This past week saw the commemoration of the death of Michael Jackson – and the recurring phrase “The King is dead” has dominated the media. Millions of people around the world were saddened by the death of “the King of Pop”. Many attended his memorial, and many more watched it on television. And mixed up in this was some amazing hyperbole, such as “he is the greatest entertainer this world has ever seen” (Really? In all the years of the existence of this world?).
This has been said before of others: Frank Sinatra: CNN wrote that “Sinatra was a master craftsman and ranked as one of the most influential singers in this country's history”. Elvis Presley is remembered as the King of Rock and Roll and the “greatest performer of all time”. And there are others. Charlie Chaplin surely must be considered one of the greatest entertainers ever . He was not only a great movie actor but also a comedian, musician, writer, director, mime and acrobat. And then there is “The Master” - Noel Coward – who was a playwrite, director, actor, writer, singer, comedian. And what of Judy Garland: she certainly dominated the movies as one of MGM's most popular stars ever. So the passing parade of “superstars”....each to briefly shine and then to fade.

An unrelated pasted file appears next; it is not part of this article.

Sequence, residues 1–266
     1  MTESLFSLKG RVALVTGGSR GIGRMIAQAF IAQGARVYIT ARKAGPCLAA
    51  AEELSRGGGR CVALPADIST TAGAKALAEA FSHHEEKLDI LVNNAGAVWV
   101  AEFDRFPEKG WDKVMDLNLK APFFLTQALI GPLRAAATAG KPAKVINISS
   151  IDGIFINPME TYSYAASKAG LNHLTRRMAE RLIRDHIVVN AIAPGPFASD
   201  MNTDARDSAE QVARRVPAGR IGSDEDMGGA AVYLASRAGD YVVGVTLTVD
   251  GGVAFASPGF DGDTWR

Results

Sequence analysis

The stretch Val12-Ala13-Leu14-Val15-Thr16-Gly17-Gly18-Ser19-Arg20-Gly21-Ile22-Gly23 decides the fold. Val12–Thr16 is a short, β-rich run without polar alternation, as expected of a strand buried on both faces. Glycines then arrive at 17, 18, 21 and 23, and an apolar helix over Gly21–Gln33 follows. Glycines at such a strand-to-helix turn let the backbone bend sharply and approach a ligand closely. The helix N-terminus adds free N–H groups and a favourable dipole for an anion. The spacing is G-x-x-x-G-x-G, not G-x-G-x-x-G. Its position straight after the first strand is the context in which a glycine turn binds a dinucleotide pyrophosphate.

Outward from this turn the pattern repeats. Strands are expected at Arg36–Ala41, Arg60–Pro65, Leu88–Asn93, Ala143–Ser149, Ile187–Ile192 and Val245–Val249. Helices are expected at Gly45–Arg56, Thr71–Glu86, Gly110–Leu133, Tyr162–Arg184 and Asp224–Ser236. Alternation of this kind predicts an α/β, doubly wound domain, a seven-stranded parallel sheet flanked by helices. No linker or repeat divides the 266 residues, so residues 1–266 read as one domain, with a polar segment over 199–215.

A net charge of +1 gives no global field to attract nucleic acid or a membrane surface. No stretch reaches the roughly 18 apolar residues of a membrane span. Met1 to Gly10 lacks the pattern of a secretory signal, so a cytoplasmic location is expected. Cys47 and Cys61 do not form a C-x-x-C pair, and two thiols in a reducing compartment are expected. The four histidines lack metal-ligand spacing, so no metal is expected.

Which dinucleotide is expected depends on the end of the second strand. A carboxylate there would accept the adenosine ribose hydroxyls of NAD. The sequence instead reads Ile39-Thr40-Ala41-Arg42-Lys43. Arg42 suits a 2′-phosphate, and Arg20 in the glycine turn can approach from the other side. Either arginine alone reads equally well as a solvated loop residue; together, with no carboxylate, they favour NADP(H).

Perhaps the truth we need to remember is found in Job 20:6 “They may grow great, towering to the sky, so great that their heads reach the clouds, but they will be blown away like dust. Those who used to know them will wonder where they have gone.” This is useful for us when we are tempted think that someone irreplaceable is gone. Because God will raise up new people in our lives. It is useful for us when we are tempted to overvalue our own importance. Because we are only what we are through the grace of God. And it is useful for us to be reminded that all of life is in God’s hands…. We are born, we live, and we die…. All of it in the care of God.
*This traditional proclamation is made following the death of the King. It was translated from the French “Le Roi est mort. Vive le Roi!", which was first declared upon the coronation of Charles VII following the death of his father Charles VI in 1422